FIG. 5 is a side elevational view illustrating a first filter bag of the present invention being filled and installation of a second filter assembly of the present invention installed thereover on the outlet pipe of a storm water drainage system.
Referring now to the drawings in greater detail in which like numerals indicate like parts throughout the several views, FIG. 1 illustrates the filter assembly 10 of the present invention for mounting to an outlet pipe 11 of a storm water drainage system for filtering silt or dirt and other debris S from a flow of runoff water F being discharged through the storm water drainage system. The outlet pipe 11 is generally mounted to a headwall H with the discharge end 12 of the outlet pipe projecting therethrough and includes an inner sidewall 13 as shown in FIG. 1. The flow of runoff water is passed through the storm water discharge system, as indicated by arrows F, and passes out of the discharge pipe 11 through the filter assembly 10 of the present invention for cleaning the water flow of silt and other debris to retard the passage of dirt, silt, debris and other contaminants being carried by the water flow into a stream, river, lake or other nearby water source.
As illustrated in FIGS. 1-3, the filter assembly 10 includes a filter bag 16 having a body 17 formed from a filtering material. Typically, this filtering material will include a silt screen or similar mesh filtering material formed from plastic or a similar material such as nylon, polyester, polyethylene, polyolefin, polystyrene or various types of natural filtering materials, including cotton or other similar woven and non-woven materials. The body of the filter bag includes an upper surface or wall 18, a lower surface or wall 19, an open upstream first or proximal end 21 and a closed downstream second or distal end 22 so as to define an open ended internal bag chamber 23 in which silt S is collected as the waterflow F passes through the filter bag. A series of flaps 24 are generally formed in the upper surface or wall 18 of the filter bag body 17. The flaps enable excess water from the runoff water flow to drain from the filter bag as the filter bag becomes filled with silt and other debris to prevent a back-up or blockage of runoff water within the discharge pipe of the storm water discharge system.
As indicated in FIG. 2, the body of the filter bag generally expands outwardly along its length, with the width of the distal end 22 of the bag typically being of approximately 2 to 3 times the diameter of the discharge end 12 of the outlet pipe 11 of the storm water discharge system, although larger or smaller widths also can be used as desired. The increasing width of the second or distal end 22 of the body of the filter bag tends to cause the silt and other debris being carried by the runoff water flow F to more readily flow into the comers 26 and 27 of the filter bag as the water flow passes therethrough. As a result, the silt and debris tends to collect first at the comers of second or distal end of the body of the filter bag, which tends to stabilize and secure the second or distal end of the filter bag as the water flow initially is passed therethrough. This also helps to prevent clogging or blocking of the filter bag as silt and debris collects therein. Similarly, the length of the filter bag typically is approximately 4 to 5 times the diameter of the discharge end of the outlet pipe, although greater or lesser lengths also can be used as desired. The length of the filter bag generally is selected to enable a large volume of runoff water to be accommodated through the filter bag with the flow velocities of the runoff water flow being reduced by the flow being spread across the length of the filter bag.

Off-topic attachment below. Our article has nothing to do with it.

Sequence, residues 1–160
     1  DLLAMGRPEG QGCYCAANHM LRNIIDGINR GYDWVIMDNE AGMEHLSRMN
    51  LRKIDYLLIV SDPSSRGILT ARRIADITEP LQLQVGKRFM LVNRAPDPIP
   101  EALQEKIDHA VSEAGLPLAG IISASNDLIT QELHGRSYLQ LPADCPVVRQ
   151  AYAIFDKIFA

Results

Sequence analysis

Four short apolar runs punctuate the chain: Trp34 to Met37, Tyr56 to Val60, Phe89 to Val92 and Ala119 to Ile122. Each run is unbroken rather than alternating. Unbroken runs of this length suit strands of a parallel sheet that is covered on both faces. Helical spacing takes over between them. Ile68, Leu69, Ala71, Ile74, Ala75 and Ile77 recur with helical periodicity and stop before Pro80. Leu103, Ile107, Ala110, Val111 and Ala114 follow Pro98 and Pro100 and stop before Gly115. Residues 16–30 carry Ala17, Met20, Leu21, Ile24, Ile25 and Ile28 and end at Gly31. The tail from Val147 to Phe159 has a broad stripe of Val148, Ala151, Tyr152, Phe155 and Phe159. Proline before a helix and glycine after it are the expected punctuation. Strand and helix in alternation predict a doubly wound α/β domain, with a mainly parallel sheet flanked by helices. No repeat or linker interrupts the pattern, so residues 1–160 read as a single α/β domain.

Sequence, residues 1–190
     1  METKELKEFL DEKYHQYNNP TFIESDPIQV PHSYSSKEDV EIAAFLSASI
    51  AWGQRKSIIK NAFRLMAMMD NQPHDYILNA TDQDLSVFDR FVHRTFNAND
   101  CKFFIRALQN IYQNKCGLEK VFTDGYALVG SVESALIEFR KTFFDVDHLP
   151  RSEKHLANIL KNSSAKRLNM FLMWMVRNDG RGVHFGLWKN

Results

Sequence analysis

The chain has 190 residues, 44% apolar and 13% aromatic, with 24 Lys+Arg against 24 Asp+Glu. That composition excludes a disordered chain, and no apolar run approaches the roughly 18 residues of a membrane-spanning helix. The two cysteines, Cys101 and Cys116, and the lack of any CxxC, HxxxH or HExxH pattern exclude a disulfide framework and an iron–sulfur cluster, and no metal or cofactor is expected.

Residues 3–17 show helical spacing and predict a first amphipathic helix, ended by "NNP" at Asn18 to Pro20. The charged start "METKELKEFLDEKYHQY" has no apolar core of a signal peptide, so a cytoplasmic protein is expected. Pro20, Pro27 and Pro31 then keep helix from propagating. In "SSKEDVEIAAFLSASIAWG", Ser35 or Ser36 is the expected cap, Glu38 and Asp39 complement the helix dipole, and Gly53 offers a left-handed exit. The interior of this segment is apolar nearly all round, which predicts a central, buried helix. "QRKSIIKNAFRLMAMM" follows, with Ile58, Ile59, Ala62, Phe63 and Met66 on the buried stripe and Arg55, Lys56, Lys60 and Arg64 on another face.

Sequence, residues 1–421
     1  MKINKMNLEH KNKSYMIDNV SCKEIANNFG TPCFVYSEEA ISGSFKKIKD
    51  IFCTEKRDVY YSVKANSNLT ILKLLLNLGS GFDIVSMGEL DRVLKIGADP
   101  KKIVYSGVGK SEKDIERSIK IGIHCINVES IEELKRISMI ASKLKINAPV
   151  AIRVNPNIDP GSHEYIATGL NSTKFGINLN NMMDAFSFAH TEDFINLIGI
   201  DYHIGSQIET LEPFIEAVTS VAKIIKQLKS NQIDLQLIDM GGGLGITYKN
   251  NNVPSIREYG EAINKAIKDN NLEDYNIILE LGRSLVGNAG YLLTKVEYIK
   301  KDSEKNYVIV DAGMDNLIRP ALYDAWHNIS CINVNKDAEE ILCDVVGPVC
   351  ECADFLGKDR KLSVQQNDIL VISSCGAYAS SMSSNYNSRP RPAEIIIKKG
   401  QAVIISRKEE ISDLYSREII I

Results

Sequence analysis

A collar member 30 is received within discharge end 12 of the outlet pipe 11 as shown in FIGS. 1-3 and mounts the filter bag 16 to the outlet pipe 11. The collar member typically is cylindrical in shape or configuration so as to substantially match the configuration of most conventional outlet pipes to enable the collar member to be received and fit within the confines of the inner wall 13 of the outlet pipe as indicated in FIGS. 1-3. It will also be recognized and understood that other configurations for the collar member, such as rectangular or substantially square, also can be used as necessary to match the configuration or construction of the outlet pipe to which the filter assembly is to be mounted. Typically, the collar member 30 is formed from a metal such as steel but also can be formed from a resilient plastic material or similar resilient, durable, corrosion resistant material having a size or diameter that substantially matches the diameter or size of the discharge end 12 of the outlet pipe 11.